When I started to work with fruit-infused simple syrups I was disappointed in the strawberry and watermelon syrup recipes I found. All of them tasted like cooked fruit because I was, in fact, cooking the syrup as I made it. 

But then I thought about the sugared strawberries my grandma would serve with whipped topping. In the morning, she would slice up strawberries and pour a cup of sugar on them. She’d let it rest until dinner. When she pulled it out the strawberries were swimming in a fresh strawberry syrup that kept the flavor of fresh berries.

So I tried her method and realized that adding sugar to most fruits causes the expression of juice from them. Behind the scenes, sugar is hygroscopic – which means when put in contact with something it attracts water. Sprinkling sugar on fruit pulls the water out of the cells in the fruit, and once that juice is in the jar or bag, it creates a simple syrup.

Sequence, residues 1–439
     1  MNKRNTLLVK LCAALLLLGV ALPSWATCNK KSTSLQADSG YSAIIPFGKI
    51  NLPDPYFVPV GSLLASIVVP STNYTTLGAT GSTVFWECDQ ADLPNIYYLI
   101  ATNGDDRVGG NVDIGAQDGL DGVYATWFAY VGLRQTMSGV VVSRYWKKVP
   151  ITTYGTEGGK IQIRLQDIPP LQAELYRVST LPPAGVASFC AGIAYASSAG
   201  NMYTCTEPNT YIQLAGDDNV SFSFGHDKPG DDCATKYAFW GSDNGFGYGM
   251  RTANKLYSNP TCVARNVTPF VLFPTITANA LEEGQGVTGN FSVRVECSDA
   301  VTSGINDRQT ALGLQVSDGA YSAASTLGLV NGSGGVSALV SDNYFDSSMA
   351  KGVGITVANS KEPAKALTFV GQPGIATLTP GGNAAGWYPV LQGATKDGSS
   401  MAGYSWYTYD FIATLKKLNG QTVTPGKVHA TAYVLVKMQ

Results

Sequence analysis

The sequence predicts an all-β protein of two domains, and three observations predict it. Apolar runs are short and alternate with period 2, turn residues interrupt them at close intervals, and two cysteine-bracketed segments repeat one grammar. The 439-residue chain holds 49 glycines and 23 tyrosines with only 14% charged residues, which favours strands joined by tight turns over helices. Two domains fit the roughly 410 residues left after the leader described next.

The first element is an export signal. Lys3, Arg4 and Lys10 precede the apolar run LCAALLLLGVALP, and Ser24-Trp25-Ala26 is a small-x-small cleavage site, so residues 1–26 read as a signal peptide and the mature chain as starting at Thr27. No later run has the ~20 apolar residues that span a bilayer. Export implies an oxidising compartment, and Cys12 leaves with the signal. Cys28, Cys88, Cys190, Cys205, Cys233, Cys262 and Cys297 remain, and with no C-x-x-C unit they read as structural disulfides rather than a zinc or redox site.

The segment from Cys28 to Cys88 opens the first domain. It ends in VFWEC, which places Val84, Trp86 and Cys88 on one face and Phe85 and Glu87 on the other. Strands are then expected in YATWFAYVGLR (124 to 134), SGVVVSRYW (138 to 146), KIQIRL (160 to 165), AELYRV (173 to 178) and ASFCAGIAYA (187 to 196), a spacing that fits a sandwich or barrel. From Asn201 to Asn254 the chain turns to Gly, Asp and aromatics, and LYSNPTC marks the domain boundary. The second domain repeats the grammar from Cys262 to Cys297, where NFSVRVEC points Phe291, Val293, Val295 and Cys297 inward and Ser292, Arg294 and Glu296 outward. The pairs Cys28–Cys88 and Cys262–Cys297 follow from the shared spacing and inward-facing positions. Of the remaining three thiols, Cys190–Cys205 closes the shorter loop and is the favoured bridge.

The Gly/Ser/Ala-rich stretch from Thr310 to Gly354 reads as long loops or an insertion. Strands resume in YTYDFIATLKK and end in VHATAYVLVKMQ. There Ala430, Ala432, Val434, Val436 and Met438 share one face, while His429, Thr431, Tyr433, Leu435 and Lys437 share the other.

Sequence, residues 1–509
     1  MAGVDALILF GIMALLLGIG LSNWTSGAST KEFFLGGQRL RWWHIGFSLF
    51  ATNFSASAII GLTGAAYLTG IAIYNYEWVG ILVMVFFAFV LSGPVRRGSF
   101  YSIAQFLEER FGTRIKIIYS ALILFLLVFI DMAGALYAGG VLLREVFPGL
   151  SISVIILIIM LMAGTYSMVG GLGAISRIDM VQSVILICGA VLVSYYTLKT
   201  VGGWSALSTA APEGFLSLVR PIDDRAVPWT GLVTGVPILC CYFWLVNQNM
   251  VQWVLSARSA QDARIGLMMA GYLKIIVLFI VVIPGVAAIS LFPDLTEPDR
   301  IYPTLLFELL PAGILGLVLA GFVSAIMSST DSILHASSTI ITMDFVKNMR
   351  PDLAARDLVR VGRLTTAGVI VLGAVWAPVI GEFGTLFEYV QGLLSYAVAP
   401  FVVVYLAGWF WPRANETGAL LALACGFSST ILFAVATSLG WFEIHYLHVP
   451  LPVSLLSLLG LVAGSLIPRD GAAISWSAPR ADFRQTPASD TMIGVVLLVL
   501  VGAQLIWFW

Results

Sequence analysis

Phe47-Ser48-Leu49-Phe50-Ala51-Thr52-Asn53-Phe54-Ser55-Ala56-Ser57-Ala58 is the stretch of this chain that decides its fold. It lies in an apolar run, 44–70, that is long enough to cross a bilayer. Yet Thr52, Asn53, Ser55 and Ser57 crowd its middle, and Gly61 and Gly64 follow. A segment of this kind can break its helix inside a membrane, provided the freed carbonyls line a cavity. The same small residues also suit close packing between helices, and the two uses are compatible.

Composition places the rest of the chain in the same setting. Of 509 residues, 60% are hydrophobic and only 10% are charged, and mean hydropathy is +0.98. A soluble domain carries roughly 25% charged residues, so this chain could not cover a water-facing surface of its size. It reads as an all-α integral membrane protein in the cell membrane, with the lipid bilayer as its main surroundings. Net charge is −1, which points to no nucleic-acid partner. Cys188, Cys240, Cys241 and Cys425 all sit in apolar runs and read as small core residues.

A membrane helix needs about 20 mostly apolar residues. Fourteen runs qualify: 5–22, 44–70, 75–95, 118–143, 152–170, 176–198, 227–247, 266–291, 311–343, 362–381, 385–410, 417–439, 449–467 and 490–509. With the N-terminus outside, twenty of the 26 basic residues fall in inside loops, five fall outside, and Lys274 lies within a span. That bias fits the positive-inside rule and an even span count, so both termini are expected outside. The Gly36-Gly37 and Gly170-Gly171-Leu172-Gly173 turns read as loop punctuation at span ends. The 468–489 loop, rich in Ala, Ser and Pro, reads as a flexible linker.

Because this process is done without cooking, the heat doesn’t alter the flavor of the compounds that make up the aroma and taste of the fresh fruit, leaving you with a syrup very close in flavor to fresh fruit.

Watermelon Syrup for Cocktails - A jar ready to be strained next to a measuring cup with strainer.

The general process for a watermelon syrup recipe is the same as any other fruit. At home, I add 1 lb of fresh, cut fruit or berries to a zippered plastic bag or glass jar. I sprinkle 8 oz of sugar on top and muddle lightly to break down the fruit. Then I put it in the fridge overnight or for 24 hours. 

Watermelon Syrup for Cocktails - straining the syrup through a metal sieve into a measuring cup.